Redundancies fall and jobs and vacancies rise, but we’re not out of the woods just yet

The number of employees was up 207,000 to a record 29.2 million in September, back above pre-pandemic levels.

The redundancy rate fell to 3.6 per thousand in June-August, down 0.2 per thousand, which is similar to pre-pandemic levels.

The employment rate June-August was 75.3%, down 1.3 percentage points from pre-pandemic levels, but up 0.5 percentage points from the previous quarter. The bulk of the growth came from part-time workers.

The unemployment rate was 4.5%, up 0.5 percentage points since pre-pandemic levels, but down 0.4 percentage points from the previous quarter.

1.3 million people remained on furlough at the end of August.

The ONS has released employment and wage data for the three months June-August: UK labour market: October 2021 – Office for National Statistics (

Sarah Coles, personal finance analyst, Hargreaves Lansdown: “On the face of it. August’s figures seem to show that anyone who has been worried about their job during the crisis is home and dry, with redundancies down, unemployment falling, employment rising and wages up. But we’re not out of the woods just yet.

“The August figures contained plenty of good news for job seekers, and while the furlough scheme was still supporting 1.3 million jobs, elsewhere there are early indications that its withdrawal at the end of September may not have sparked a rash of redundancies either. The Insolvency Service found that just 200 companies planned to make more than 20 people redundant September-November, which would put just 13,836 jobs at risk.

“But while it seems like we’re in the clear, we’re still not out of the woods just yet. We don’t yet know how many firms plan to lay off fewer than 20 people Given that businesses with fewer than 50 staff employ almost half of UK workers, that’s a massive unknown. It‘s also still relatively early days for companies bringing people back from furlough.

“The ONS Business Insights survey from mid-September found that while only 2% of businesses plan to make people redundant in the next three months (28% of them blaming the end of the furlough scheme), another one in five have no idea whether they’ll need to let people go or not. Life has been so uncertain since the onset of the pandemic, that they can’t be sure who they’ll be employing by the time we get to Christmas.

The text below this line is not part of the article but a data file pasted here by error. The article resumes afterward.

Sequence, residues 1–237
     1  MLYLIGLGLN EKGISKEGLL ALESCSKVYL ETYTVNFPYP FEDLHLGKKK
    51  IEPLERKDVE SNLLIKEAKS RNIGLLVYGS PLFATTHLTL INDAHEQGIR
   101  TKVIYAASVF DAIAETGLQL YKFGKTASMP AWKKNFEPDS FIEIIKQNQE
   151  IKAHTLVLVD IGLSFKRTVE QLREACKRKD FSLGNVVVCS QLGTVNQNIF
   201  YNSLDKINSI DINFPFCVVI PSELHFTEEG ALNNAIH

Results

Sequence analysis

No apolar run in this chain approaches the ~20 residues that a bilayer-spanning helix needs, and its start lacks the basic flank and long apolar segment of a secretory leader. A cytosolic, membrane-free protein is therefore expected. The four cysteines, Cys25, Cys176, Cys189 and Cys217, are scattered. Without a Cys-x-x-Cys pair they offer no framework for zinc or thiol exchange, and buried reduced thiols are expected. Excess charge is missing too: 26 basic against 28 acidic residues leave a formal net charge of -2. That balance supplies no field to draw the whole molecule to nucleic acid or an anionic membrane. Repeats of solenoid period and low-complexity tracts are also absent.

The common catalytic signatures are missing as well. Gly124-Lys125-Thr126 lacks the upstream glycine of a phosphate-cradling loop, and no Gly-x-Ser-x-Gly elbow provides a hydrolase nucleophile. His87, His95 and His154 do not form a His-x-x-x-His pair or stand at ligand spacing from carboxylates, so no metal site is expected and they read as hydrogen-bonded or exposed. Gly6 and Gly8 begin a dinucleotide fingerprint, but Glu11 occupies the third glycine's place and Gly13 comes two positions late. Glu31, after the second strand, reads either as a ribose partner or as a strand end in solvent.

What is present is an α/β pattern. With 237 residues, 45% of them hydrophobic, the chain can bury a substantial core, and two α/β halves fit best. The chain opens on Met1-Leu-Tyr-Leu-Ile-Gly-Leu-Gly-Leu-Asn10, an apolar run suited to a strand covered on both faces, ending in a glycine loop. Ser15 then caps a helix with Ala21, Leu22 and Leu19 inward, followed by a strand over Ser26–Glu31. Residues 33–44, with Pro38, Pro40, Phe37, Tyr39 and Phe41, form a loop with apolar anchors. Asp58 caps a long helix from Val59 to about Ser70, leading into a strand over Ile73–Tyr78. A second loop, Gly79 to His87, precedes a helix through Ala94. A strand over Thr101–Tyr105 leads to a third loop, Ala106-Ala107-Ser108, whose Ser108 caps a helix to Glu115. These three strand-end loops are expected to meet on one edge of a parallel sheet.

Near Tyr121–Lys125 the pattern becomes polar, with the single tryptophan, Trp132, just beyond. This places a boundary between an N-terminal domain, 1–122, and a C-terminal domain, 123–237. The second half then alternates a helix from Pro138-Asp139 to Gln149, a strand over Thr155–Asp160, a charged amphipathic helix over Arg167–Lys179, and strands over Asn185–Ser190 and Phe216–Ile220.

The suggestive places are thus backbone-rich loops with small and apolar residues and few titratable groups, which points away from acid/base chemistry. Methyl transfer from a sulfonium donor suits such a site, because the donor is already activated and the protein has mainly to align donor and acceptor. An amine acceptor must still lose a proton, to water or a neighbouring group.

“Meanwhile the same survey in the summer found that it’s not just the end of the furlough scheme we have to worry about. This was only the third biggest reason for letting staff go, after the need to cut costs as prices increase and the fact that changes to businesses during the pandemic means employers need different kinds of staff. This is particularly striking among shops, which are selling more online so need fewer shop floor staff and more in the warehouse.

“And it’s not just job hunters who have reasons for concern, the August figures are worrying news for businesses, who continue to struggle with a shortage of staff. Another vacancies record means they can’t find the skilled employees they need, so are struggling to deliver business as usual. This isn’t just causing gaps on the shelves, and waiting lists for everything from cars to carpenters, it’s also stopping businesses getting fully back on their feet, and getting in the way of growth.”

Other figures from the release:

  • Over the quarter there was a record increase in the employment rate and fall in the unemployment and inactivity rates of young people (16-24).
  • Vacancies hit another record high, of 1,102,000 – up 318,000 from its pre-pandemic level. The single month estimate for September was 1.2 million.
  • However, the rate of growth has slowed.
  • Vacancies were up in all sectors since the onset of the crisis, and in accommodation and food services was up 59%.
  • Growth in total pay (including bonuses) was 7.2% and regular pay (excluding them) was 6%, due in part to a fall in low paying jobs.
  • Stripping out the impact of lower figures this time last year and the fall in lower paying jobs, the estimated underlying regular wage growth is 4.1%-5.6%.